Our first question today comes from M. Jordan, who asks, "I haven't been paying much attention. Who's in the NBA Finals?"

San Antonio and New York. Most people expect the Spurs to win easily. Don't be surprised if by Game 3 Jeff Van Gundy runs onto the court and starts gnawing on David Robinson's leg.

TV will make it into a morality play. The Knicks will be cast as outlaws, because everybody outside of New York loves to hate New York, and they have the perfect villain now in Latrell Sprewell. We will see so much footage of the scratches on P.J. Carlesimo's throat we'll think we've tuned into "ER". You'd hope that someone might mention that since coming to New York, Sprewell has been a candy striper. But that wouldn't fit into the script.

The Spurs, of course, will be cast as Boy Scouts defending the American way of life. Much will be made of how the San Antonio starters all went through four years of college ball. We might get interviews of Robinson's, Tim Duncan's and Sean Elliott's grade school teachers telling us what fine, clean-cut students and model citizens they were. There will probably be a big banner behind the Spurs bench saying, "Stay in School!" I wonder if anyone will mention that the starters the Knicks put on the floor in their clinching game against Indiana -- Allan Houston, Larry Johnson, Chris Dudley, Chris Childs and Sprewell -- played four years of college basketball as well. (And Dudley played them at Yale!)

Another central figure in the Good vs. Evil concept is Knicks boss Dave Checketts, who will be cast as a back-stabbing weasel. Some weeks back, when the Knicks were in a dizzy spiral, Checketts fired Ernie Grunfeld, the general manager, in desperation. Grunfeld's apparent crime was that the players he had brought in -- Sprewell and Marcus Camby -- weren't producing enough. In fact, they were hardly playing because Van Gundy was pining for John Starks and Charles Oakley.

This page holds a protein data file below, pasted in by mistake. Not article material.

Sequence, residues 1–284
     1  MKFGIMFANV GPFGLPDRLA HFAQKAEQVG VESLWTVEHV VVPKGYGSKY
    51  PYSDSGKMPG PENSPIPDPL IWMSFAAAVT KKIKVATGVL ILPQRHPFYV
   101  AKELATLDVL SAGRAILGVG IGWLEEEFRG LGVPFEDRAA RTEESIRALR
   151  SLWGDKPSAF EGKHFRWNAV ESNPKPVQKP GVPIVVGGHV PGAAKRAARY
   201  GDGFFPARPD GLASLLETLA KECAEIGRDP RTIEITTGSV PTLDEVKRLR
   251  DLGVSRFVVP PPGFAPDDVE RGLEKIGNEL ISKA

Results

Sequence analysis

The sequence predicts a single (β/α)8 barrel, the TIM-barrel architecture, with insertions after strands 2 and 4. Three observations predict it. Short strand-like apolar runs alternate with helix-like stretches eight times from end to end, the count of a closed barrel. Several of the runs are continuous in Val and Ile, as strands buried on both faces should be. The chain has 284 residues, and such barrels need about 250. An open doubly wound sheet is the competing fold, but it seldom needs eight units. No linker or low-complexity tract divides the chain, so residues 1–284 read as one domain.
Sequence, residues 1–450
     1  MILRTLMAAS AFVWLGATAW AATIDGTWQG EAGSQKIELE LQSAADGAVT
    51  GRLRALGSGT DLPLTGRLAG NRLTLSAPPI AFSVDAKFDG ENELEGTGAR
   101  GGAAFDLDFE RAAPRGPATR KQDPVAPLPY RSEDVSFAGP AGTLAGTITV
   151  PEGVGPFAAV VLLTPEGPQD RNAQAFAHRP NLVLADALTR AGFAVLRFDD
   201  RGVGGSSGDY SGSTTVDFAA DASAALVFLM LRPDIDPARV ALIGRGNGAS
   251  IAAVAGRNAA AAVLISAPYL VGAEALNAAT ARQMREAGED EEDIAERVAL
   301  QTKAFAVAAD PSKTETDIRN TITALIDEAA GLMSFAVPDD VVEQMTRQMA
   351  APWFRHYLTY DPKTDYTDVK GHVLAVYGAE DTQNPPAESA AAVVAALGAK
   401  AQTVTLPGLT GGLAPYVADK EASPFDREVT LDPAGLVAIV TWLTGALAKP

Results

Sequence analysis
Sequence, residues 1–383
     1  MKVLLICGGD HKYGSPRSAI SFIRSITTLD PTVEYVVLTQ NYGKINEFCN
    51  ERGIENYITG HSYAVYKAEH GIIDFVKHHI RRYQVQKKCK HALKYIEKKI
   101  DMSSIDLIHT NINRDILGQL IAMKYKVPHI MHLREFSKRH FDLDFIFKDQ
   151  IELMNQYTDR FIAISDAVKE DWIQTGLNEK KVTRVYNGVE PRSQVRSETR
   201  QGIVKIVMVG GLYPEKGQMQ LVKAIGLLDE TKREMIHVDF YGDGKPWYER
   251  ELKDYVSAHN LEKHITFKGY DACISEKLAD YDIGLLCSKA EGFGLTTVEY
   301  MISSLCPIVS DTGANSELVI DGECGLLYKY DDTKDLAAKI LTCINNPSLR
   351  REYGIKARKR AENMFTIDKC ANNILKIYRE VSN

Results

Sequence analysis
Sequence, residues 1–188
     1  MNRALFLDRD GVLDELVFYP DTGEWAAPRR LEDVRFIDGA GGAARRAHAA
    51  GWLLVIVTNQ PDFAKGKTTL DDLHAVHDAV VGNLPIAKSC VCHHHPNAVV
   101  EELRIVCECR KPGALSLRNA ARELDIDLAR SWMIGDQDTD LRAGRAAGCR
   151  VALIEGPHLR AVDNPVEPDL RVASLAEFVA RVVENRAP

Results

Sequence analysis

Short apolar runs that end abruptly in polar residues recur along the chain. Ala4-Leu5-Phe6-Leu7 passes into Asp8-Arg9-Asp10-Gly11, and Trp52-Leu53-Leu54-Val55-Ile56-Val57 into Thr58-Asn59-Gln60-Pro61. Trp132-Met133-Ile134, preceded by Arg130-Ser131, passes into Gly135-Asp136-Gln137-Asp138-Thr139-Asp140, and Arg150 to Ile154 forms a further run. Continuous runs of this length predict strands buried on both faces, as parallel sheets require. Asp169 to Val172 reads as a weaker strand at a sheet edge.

Then, magically, as if electrical power had been restored to his head, Van Gundy began playing Sprewell and Camby, and the Knicks soared. So Grunfeld became a hero in absentia. And Van Gundy, who everyone in New York would have willingly thrown under a bus in order to get Phil Jackson, suddenly became a genius. When it was subsequently reported that Checketts had secretly contacted Jackson behind Van Gundy's back -- and then lied to the media about it! -- Checketts became evil incarnate. I'm surprised NATO hasn't bombed his office yet.

The good news for viewers is that Bill Walton and Snapper Jones won't be commenting. Talk about yentahs. I haven't seen men yap at each other like that since "La Cage Aux Folles."

Our next question comes from D. Stern, who asks, "What do you think of the plan to set an age limit on who can enter the NBA?"

I think it would lose in court.

The NBA will try to follow the path of the NFL, where they don't draft players until they are out of high school for three years. But the distinction is obvious: Mentally and physically, pro football is much harder than pro basketball. Teenagers aren't ready for the NFL. But teenagers can play in the NBA; at 19, Kevin Garnett, Kobe Bryant, Moses Malone and Stephon Marbury were already promising pro players.